“Triggers are what shape our behaviour. Certain situations can provoke even the most rational among us into behaving differently – and in business, that can be fatal. The difference between success and failure is as simple – and as hard – as mastering triggers.”
These words from the back-cover of Marshall Goldsmith’s newest book reminded me of the words by Victor Frankl, an Austrian psychiatrist and Auschwitz survivor in his 1946 classic Man’s Search for Meaning: “Between stimulus and response there is a space. In that space is our power to choose our response. In our response lies our growth and our freedom.”
Frankl implies that people often react without thinking. We frequently don’t choose our behaviours so much as just act them out. But he observes that we don’t need to accept such reflexive reactions. Instead, we can learn to notice that there is a “space” before we react. He suggests that we can grow and change and be different if we can learn to recognise, increase, and make use of this ‘space.’ With such awareness, we can find freedom from the dictates of both external and internal pressures. And with that, we can find inner happiness.
Goldsmith does a remarkable job in describing the behaviours that so often in life trigger a reflexive reaction instead of a careful, considerate response.
Goldsmith’s book is divided into four parts. In part one: “Why Don’t We Become the Person We Want to Be?” he explains why meaningful behavioural change is so very hard to do.
We not only have to deal with the internal triggers that keep us from moving forward but also with the triggers from our environment. To be able to successfully change our behaviour it’s important to recognise and identify the triggers that keep us where we are, but don’t want to be.
One of the many gems in this book is Goldsmith’s explanation why we are such superior planners and inferior doers. He uses the theory of ‘Situational Leadership’ to show us that there is a leader and follower inside all of us. The leader plans our desired behavioural change and the follower in us has to execute that plan. We think that they are both part of who we are. But we are wrong. We often start the day as a bifurcated individual, part leader and part follower, but as the day progresses, the two grow further apart.
Situational Leadership was developed by Paul Hersey and Kenneth H. Blanchard at the Center for Leadership Studies in the late 1960s. Which leadership style a person should use with individuals or groups depends on the readiness level of the people the leader is attempting to influence (Management of Organizational Behavior, Hersey, Blanchard and Johnson).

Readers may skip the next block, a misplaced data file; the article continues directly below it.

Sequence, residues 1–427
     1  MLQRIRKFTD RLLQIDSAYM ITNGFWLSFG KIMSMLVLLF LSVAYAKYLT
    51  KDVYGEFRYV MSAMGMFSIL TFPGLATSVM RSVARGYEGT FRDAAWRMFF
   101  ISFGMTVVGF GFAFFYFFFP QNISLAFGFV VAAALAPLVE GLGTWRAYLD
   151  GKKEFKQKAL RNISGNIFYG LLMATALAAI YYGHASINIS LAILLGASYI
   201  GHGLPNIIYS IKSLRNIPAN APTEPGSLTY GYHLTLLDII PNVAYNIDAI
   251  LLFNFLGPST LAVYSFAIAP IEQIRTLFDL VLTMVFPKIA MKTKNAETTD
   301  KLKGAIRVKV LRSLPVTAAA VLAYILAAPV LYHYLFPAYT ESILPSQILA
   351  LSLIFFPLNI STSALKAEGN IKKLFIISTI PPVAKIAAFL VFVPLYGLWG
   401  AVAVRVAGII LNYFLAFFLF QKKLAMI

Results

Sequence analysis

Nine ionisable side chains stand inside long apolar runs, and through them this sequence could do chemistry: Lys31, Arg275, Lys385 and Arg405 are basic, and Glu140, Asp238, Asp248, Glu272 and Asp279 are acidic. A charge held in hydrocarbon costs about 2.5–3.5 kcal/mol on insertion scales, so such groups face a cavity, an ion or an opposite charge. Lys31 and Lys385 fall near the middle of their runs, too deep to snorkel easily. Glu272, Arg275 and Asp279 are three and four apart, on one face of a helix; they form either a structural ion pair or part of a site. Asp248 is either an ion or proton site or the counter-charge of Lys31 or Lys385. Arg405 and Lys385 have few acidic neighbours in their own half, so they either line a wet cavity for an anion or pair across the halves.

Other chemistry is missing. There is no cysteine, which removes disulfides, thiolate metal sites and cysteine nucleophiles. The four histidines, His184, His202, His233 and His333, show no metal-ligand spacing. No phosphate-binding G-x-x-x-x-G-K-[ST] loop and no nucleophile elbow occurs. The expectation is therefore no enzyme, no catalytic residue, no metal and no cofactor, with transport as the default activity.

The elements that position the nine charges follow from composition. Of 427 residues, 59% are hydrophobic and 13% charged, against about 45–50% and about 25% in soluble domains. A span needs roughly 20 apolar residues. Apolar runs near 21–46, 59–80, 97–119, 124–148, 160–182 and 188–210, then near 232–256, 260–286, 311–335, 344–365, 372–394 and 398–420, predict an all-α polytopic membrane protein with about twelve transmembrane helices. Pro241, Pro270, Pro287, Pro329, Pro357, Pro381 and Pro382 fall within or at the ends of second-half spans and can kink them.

Since I personally use this theory with almost all my executive coaching clients and management teams, it immediately struck a cord.
Basically there are four distinct leadership styles: directing, coaching, supporting and delegating. Goldsmith suggests that if we use the different leadership styles with our own behavioural development issues, we’d probably have a better chance to succeed in that endeavour. Executing the change we hold as a concrete image in our mind is a process that requires vigilance and diligent self-monitoring, which brings us to part two of the book: “Try”.
Besides offering some powerful tools in the form of questions and lists, Goldsmith introduces the acronym of AIWATT: Am I Willing, at this time, to make the investment required to make a positive difference on this topic? He calls this the first principle for becoming the person you want to be. It helps us to choose to either engage or “let it go”.
Goldsmith claims that we do not get better without structure. This brings us to part three of the book where he offers multiple structures to help us succeed in becoming the person we want to be. Structure not only increases our chance of success, it makes it more efficient at it.
As always, and what I like so much about Goldsmith’s writings, he uses many examples to state his case. It not only helps us to understand his point of view but helps us to become more effective learners as well by placing the theory in a context that’s easily recognisable.
The last part of the book, part four, is titled: “No Regrets”. In this book’s opening pages Goldsmith promises that if he did his job properly, the reader would have a little less regret in their life. When we prolong negative behaviour – both the kind that hurts the people we love or the kind that hurts us in some way – we are leading a changeless life in the most hazardous manner. We are willfully choosing to be miserable and making others miserable too. And make no mistake; it would be all our doing, our choice.
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